Chronic Pain Self-Assessment

The following information is summarized from an article written by Lorie T. DeCarvalho, PhD for the National Center for PTSD. Click here to read the full article.


What is chronic pain?

According to the International Association for the Study of Pain (IASP), chronic pain involves suffering from pain in a particular area of the body (e.g., in the back or the neck) for at least three to six months. Chronic pain may be as severe as, if not more severe than, acute pain but the individual’s experience is ”modulated and compounded by the prolonged or recurrent nature of the chronic state, and further complicated by a multitude of economic and psychosocial factors” (2). In stark contrast to acute pain, chronic pain persists beyond the amount of time that is normal for an injury to heal.

Chronic pain can have a variety of sources including disease processes or injuries. Some chronic pain stems from a traumatic event, such as a physical or sexual assault, a motor vehicle accident, or some type of disaster. Under these circumstances the person may experience both chronic pain and Post-traumatic Stress Disorder.

What is the experience of chronic pain like physically?

There are many forms of chronic pain, and each type of condition results in different experiences of pain and disability. As an example, chronic low back pain (CLBP), the most pervasive or common type of pain, is known to result in severe disability and limitation of movement.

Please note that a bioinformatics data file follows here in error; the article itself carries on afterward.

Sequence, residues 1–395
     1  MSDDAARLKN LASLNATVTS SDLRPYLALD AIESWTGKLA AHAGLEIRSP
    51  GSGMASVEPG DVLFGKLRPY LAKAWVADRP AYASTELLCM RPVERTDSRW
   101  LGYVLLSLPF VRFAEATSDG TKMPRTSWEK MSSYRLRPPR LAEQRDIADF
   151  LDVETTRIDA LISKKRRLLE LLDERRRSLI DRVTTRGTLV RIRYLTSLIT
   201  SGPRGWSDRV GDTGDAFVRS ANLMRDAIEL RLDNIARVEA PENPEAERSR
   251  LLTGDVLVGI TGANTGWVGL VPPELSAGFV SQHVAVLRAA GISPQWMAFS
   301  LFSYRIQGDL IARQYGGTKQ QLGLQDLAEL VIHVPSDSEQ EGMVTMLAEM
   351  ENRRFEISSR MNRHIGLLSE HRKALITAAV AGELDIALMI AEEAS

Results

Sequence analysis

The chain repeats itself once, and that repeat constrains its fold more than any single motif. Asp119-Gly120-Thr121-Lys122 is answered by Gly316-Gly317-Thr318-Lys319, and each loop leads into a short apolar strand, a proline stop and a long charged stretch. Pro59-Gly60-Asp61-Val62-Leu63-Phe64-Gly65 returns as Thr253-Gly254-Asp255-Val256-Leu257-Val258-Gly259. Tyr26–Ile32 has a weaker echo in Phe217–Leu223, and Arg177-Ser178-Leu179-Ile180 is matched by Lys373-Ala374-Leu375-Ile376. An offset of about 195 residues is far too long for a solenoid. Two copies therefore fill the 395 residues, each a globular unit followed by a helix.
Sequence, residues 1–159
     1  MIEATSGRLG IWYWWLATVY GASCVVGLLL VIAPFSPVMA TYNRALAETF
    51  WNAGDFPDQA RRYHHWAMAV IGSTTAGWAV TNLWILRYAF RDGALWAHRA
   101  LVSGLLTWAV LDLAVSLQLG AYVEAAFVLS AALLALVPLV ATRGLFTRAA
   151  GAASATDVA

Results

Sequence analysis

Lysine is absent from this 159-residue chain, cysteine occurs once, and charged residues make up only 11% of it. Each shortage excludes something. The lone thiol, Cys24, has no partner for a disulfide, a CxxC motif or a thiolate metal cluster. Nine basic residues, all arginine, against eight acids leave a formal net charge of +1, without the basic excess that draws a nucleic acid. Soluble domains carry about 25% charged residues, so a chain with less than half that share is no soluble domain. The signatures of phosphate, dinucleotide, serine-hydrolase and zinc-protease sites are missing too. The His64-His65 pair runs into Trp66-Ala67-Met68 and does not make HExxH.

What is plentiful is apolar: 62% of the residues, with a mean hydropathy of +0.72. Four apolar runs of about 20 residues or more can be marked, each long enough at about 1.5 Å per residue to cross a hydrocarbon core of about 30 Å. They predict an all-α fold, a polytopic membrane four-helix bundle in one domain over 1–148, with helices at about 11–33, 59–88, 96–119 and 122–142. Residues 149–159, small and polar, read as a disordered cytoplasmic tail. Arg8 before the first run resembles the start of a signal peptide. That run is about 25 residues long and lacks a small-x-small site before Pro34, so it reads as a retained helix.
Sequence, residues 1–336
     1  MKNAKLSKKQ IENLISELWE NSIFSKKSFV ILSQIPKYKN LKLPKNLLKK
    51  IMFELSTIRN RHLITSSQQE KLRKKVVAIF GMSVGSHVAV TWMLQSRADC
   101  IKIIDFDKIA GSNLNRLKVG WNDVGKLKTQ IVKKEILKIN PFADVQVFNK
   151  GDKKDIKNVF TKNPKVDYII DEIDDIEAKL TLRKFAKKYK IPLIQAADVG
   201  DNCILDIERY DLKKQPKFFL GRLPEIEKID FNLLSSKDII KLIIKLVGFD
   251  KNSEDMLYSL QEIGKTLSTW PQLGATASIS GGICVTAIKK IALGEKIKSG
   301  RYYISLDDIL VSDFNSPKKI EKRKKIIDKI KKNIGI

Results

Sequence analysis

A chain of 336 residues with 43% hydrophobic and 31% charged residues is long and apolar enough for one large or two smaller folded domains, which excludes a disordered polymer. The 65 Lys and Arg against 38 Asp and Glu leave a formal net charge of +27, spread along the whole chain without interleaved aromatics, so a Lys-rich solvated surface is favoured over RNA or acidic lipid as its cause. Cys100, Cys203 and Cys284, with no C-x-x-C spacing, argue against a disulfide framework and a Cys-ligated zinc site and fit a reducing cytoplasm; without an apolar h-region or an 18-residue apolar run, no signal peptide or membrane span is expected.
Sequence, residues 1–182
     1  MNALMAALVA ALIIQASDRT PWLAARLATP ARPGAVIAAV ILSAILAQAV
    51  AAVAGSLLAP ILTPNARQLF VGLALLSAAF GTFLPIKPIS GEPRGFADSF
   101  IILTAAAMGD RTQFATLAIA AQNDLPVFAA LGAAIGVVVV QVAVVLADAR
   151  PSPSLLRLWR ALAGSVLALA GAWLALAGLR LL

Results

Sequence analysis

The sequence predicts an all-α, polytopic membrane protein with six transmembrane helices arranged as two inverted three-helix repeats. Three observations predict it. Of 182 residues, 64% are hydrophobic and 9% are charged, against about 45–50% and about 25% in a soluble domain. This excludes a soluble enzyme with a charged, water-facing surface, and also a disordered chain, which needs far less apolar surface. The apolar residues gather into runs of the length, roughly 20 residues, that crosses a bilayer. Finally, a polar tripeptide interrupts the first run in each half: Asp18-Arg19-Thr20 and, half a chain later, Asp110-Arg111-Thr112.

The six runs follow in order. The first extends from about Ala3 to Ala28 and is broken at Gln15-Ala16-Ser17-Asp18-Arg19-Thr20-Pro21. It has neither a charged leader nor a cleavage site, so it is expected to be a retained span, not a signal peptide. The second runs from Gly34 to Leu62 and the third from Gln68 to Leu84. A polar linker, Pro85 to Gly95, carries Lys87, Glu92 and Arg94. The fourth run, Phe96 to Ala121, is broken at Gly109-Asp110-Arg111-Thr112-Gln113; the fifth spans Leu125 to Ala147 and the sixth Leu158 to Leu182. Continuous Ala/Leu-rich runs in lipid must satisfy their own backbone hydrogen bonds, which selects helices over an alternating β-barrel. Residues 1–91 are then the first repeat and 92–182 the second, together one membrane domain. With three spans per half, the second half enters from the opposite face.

Most patients with chronic pain resort to invasive assessment or treatment procedures, including surgery, to help ameliorate the pain. Individuals with chronic pain are less able to function in daily life than those who do not suffer from chronic pain. Patients with severe chronic pain and limited mobility oftentimes are unable to perform activities of daily living, such as walking, standing, sitting, lifting light objects, doing paperwork, standing in line at a grocery store, going shopping, or working. Many patients with chronic pain cannot work because of their pain or physical limitations.

What is the experience of chronic pain like psychologically?

Chronic pain and the disability that often comes with it can lead to a cognitive reevaluation and reintegration of one’s belief systems, values, emotions, and feelings of self-worth (7). Numerous studies have indicated that many patients who experience chronic pain (up to 100%) tend also to be clinically depressed (8-10). In fact, depression is the most common psychiatric diagnosis in patients with chronic pain (11). The experience of progressive, consistent chronic pain and disability also translates for many individuals into having thoughts of suicide as a means of ending their pain and frustration (12).

PTSD and chronic pain

The prevalence of PTSD is substantially elevated in patients with chronic pain. A current PTSD prevalence of 35% was seen in a sample of chronic pain patients (13), compared to 3.5% in the general population (14). In a study of patients with chronic low back pain, 51% of the patients evidenced significant PTSD symptoms (15). In another study of patients who experienced chronic pain following a motor vehicle accident, researchers found that 50% of the patients developed PTSD (16).

One symptom of PTSD is that the person becomes emotionally or physically upset when reminded of the traumatic event. For people with chronic pain, the pain may actually serve as a reminder of the traumatic event, which will tend to exacerbate the PTSD.


Lone Survivor Foundation provides therapeutic retreats at no cost for service members affected by Post-Traumatic Stress (PTS), mild Traumatic Brain Injury (TBI), Chronic Pain, and Military Sexual Trauma.
For more information about our retreat program, click here.
To apply to attend an LSF Retreat, click here.